Despite Millions in Dark Money, Pro-Charter Effort Falters in Massachusetts
Opposition grows against 'reckless charter school ballot question'
The corporate-backed effort to expand charter schools in Massachusetts is opposed by likely voters in that state, according to a new poll released Tuesday.
The WBUR poll, conducted Sept. 7-10 by The MassINC Polling Group, found 48 percent of respondents opposed to Question 2—which would allow up to 12 new charter schools a year statewide—and 41 percent in favor. Eleven percent of respondents said they were undecided.
Money has been flowing into what the Boston Globe says "could be the most expensive ballot campaign in state history," with supporters of the proposal having raised roughly $12 million, almost double their opponents.
As WBUR reports:
Nearly $6 million in support of expanding charter schools has come from a New York group called Families for Excellent Schools Advocacy, a so-called "dark money" group that does not have to disclose its donors.
Among the other large contributors is Walmart heiress Alice Walton, who made a $710,000 donation this summer.
Indeed, teacher and blogger Mercedes Schneider further revealed in a post this weekend that "[t]he Waltons are not the only out-of-state billionaires using their wealth to influence the charter cap in a state in which they do not reside." According to the September 9 filing of the Question 2 ballot committee, she wrote, Houston billionaire John Arnold and former New York mayor Michael Bloomberg have each contributed more than $240,000 to the campaign.
Meanwhile, the Globe noted on Tuesday that while most of the pro-charter money "came from out-of-state sources," Boston's business leaders have also been opening up their checkbooks in support of the initiative.
The November ballot measure (pdf) would lift the charter cap that's currently in place and "add to the $408 million that charter schools already divert from district schools," as the grassroots organization Citizens for Public Schools says on its website.
Indeed, "[t]he amount of money lost will grow: $100 million more the first year, more than $200 million the next year, more than $300 million the year after that, crippling our school system with every passing year," according to the leading opposition group, Save Our Public Schools.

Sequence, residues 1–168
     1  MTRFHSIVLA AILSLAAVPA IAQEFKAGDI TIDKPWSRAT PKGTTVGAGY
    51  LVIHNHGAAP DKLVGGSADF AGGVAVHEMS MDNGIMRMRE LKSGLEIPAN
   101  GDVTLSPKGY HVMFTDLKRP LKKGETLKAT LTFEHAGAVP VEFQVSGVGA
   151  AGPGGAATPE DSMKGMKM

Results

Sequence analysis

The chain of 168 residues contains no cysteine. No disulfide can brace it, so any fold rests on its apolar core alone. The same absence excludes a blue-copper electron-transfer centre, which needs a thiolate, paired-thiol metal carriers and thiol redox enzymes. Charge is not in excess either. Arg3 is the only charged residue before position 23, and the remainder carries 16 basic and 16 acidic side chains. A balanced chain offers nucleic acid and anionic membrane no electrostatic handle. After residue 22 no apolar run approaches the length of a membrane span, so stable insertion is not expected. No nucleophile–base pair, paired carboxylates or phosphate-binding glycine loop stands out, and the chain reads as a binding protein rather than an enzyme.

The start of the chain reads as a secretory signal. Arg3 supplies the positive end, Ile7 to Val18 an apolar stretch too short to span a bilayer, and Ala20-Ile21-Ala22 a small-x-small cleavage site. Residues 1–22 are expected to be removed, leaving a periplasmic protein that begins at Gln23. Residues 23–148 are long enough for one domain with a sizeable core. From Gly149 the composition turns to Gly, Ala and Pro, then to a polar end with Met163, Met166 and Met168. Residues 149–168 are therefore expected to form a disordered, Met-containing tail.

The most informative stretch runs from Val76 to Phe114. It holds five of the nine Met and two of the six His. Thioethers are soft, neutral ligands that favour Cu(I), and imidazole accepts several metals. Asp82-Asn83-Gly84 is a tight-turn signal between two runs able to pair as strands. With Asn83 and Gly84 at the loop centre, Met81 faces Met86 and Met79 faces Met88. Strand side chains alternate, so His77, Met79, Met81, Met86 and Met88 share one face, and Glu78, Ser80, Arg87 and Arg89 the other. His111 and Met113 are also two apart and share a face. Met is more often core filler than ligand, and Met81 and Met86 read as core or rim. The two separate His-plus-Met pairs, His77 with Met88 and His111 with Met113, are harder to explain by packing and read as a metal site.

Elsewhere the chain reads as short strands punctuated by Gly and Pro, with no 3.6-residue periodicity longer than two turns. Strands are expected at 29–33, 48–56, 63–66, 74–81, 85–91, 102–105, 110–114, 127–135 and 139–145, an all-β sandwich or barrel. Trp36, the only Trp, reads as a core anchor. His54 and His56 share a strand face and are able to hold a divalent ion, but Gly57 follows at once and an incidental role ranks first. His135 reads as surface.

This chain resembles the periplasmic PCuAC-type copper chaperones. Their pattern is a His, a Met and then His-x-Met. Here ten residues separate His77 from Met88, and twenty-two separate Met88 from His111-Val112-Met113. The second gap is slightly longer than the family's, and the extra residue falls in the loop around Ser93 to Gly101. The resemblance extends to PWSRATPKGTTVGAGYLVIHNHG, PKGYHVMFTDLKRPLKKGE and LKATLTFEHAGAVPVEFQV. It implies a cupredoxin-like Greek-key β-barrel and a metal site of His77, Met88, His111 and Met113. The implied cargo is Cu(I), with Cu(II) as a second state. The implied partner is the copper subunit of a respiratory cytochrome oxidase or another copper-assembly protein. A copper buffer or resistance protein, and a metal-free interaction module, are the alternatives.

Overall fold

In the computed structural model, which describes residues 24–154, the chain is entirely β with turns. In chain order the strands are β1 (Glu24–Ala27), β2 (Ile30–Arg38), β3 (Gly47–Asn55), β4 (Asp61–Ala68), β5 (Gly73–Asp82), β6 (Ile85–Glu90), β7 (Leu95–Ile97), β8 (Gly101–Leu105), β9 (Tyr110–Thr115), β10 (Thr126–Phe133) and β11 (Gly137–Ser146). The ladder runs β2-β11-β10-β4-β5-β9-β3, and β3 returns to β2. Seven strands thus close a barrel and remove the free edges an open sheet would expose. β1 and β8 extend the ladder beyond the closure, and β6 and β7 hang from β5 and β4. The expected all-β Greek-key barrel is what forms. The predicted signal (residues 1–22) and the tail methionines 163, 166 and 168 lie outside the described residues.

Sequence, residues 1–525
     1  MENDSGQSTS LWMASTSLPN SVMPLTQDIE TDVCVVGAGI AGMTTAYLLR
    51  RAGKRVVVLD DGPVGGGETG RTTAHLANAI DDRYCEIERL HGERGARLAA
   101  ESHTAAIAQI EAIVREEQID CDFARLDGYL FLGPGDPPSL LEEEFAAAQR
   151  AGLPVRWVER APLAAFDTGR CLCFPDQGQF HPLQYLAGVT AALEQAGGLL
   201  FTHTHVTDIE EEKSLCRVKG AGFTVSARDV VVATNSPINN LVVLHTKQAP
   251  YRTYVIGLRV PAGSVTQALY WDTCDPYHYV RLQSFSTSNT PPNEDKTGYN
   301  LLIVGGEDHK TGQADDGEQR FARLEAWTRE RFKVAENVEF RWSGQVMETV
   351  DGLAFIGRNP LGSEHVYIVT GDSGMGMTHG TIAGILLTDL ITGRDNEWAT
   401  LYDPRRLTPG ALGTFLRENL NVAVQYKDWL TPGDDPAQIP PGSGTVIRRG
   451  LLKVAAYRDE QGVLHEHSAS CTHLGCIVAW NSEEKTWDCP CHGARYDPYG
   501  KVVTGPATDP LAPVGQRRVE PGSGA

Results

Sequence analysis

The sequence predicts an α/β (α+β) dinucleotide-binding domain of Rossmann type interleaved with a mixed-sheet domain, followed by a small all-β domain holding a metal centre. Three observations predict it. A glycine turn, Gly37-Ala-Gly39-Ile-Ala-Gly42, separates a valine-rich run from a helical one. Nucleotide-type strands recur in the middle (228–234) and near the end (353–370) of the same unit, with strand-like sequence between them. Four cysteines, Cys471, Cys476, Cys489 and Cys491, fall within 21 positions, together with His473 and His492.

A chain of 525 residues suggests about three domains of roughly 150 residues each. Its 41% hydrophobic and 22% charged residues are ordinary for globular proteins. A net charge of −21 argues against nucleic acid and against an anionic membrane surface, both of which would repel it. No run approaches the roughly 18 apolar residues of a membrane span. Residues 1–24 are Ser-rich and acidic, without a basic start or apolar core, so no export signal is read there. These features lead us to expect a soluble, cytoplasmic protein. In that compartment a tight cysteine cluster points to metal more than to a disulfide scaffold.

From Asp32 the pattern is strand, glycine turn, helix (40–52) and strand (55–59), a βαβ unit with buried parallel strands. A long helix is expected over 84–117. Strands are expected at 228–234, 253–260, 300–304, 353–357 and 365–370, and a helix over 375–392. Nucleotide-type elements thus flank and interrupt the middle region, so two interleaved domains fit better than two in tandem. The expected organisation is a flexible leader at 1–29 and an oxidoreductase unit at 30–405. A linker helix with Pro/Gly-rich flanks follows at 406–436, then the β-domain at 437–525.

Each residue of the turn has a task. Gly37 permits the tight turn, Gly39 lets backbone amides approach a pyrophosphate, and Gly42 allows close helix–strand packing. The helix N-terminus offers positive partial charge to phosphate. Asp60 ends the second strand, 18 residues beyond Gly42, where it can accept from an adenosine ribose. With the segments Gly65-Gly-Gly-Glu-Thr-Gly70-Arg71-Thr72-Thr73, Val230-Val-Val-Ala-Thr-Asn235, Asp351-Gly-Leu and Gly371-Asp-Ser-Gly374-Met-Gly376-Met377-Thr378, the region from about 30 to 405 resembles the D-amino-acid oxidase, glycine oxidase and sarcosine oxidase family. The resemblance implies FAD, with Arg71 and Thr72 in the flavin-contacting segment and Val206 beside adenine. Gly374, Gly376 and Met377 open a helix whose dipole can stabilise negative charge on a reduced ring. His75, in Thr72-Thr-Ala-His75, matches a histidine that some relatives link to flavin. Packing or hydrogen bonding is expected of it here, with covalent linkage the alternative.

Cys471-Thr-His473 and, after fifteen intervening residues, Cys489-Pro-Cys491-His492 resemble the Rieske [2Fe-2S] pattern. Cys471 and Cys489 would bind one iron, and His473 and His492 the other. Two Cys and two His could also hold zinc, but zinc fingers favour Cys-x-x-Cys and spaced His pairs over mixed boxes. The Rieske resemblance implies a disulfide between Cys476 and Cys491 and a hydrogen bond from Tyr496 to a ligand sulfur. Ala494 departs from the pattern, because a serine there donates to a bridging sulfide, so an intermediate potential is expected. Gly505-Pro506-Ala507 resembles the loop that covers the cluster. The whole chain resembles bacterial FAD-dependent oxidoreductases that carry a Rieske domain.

As commentator John Walsh wrote at Commonwealth in August:
Grassroots opposition to Question 2, which would greatly increase the number of charter schools in Massachusetts, has been building for months. So far, more than 80 elected school committees and city councils have voted to oppose Question 2. So have the Massachusetts Parent Teacher Association and the Massachusetts Municipal Association. Dozens of mayors and other local officials are against passage of Question 2. Even Boston Mayor Marty Walsh, a longtime charter supporter who formerly sat on the board of a charter school, opposes Question 2 because of the irreversible harm it would do to the Boston Public Schools. More and more charter supporters recognize that Question 2 is the wrong solution because it would allow indefinite expansion each year of charter schools, which local government has no say in approving.
This week, the No on Question 2 campaign called for the resignation of Paul Sagan, chairman of the state education board that approves and oversees charter schools in Massachusetts, after it was revealed that he donated $100,000 to the pro-charter effort.
"This reckless charter school ballot question sets no limits on the amount of money that Sagan and his board could unilaterally take from neighborhood public schools anywhere in the state," said Juan Cofield, president of the New England Area Conference of the NAACP and chair of the Campaign to Save Our Public Schools. "This is a blatant power grab by a wealthy individual who wants to control billions of dollars in state and local education funds."
Several Boston-based news and educational institutions hosted a debate on Question 2 on Tuesday afternoon, with former state representative Marty Walz, currently head of Marty Walz and Associates, speaking in favor and Boston City Councilor Tito Jackson arguing against the measure.